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Hodgson, Antonia - 'The Devil in the Marshalsea'
Paperback: 400 pages (Aug. 2014) Publisher: Hodder Paperbacks ISBN: 144477543X

This debut historical mystery thriller by Antonia Hodgson is absolutely breathtaking in its thrilling originality. It is already the winner of the CWA Historical Dagger Award which is no mean feat for a book from a debut author. It is set in the year 1727 in Georgian London; Tom Hawkins is the twenty-five-year-old spendthrift of a gentleman who has fallen on hard times and been threatened that he must clear up the arrears on the rent for his lodgings or else! Fortunately he wins some money playing cards but is then attacked by robbers and left unconscious in the street - minus his wallet, and even the ornate buttons on his shirt.

The following day he is arrested by bailiffs as he cannot pay them the 20 he owes his landlord and is taken, in chains, to the Marshalsea Debtors prison. This is a dreadful place and the author has really done extensive research reading all contemporary books of the time including those of people who have experienced life at first hand in this prison.

There are two levels to the prison, there is a section where people completely without any money are sent and those that go there really suffer incredible hardship and often death but there is a different section where people such as Tom Hawkins end up as they are able to get some money from friends outside or are able to sell possessions to raise funds to pay for a basic lodging and some limited comforts.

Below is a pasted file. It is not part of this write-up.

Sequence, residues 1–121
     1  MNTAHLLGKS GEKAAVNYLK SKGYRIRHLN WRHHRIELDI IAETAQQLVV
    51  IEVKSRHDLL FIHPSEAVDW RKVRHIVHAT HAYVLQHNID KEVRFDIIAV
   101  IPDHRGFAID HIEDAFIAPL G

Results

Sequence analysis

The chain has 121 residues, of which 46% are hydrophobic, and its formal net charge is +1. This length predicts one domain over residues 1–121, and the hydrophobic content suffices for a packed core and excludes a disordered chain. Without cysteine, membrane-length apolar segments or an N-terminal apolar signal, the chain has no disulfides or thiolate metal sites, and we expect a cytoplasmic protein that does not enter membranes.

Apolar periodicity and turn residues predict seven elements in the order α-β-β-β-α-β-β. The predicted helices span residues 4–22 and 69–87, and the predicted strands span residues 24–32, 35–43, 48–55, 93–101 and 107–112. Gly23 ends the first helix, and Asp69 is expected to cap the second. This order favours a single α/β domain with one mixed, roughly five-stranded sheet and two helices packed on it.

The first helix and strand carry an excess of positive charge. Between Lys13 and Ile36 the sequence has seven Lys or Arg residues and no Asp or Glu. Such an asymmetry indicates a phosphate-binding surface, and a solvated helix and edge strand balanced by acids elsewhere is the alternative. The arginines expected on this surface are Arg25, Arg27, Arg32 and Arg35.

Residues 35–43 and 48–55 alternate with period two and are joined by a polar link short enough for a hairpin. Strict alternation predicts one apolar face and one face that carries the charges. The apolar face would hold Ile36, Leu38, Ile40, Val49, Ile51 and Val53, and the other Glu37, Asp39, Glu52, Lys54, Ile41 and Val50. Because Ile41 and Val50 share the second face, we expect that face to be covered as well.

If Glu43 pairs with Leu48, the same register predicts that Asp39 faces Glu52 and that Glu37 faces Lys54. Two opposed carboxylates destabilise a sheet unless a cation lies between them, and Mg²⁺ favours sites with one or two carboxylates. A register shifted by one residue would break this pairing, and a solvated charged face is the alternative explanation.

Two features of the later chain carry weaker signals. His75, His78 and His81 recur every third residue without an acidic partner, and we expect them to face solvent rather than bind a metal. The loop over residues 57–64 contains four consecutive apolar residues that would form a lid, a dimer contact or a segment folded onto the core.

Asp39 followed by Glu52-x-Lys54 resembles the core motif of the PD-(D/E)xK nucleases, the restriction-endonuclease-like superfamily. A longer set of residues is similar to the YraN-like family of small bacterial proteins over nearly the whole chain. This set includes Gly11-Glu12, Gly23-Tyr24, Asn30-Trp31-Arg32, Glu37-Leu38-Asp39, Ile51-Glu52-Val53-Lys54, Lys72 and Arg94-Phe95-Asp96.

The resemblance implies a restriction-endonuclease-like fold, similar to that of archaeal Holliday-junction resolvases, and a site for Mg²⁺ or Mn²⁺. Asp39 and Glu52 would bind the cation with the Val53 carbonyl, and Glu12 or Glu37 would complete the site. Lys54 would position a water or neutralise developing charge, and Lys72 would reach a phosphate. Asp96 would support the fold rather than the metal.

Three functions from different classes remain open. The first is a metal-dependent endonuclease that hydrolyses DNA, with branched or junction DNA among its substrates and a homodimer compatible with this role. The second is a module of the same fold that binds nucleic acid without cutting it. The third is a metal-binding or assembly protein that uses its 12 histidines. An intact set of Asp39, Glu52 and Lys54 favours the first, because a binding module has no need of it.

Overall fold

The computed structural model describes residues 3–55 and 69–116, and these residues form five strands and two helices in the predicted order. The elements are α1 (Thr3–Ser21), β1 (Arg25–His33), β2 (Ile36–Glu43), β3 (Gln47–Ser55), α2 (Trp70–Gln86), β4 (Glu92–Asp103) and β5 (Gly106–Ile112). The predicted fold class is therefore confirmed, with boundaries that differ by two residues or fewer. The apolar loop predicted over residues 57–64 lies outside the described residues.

After Tom has settled in and understands more of his surroundings he learns that there was a recent murder in his section and a ghost is supposed to haunt the prison. Tom decides to investigate these happenings and has many frightening adventures before we reach the very dramatic conclusion.

This book is not for those who are easily shocked as in order to give a true to life picture of what happened in 1727, the characters swear and curse an awful lot in a very colourful manner, similar perhaps to working men, which apparently is what happened at the time as the author explains in a preface.

I was incredibly impressed by this author's scholarship and the extensive research she has done in the British Library and elsewhere and the very high quality and sheer readability of this story. Once I started it it was not easy to put down until I reached the astonishing conclusion. I think it is the very best historical mystery I have read for a long time and I was blown away by it and I very strongly recommend it.

Terry Halligan, England
August 2014

More European crime fiction reviews can be found on the Reviews page.

last updated 31/08/2014 10:42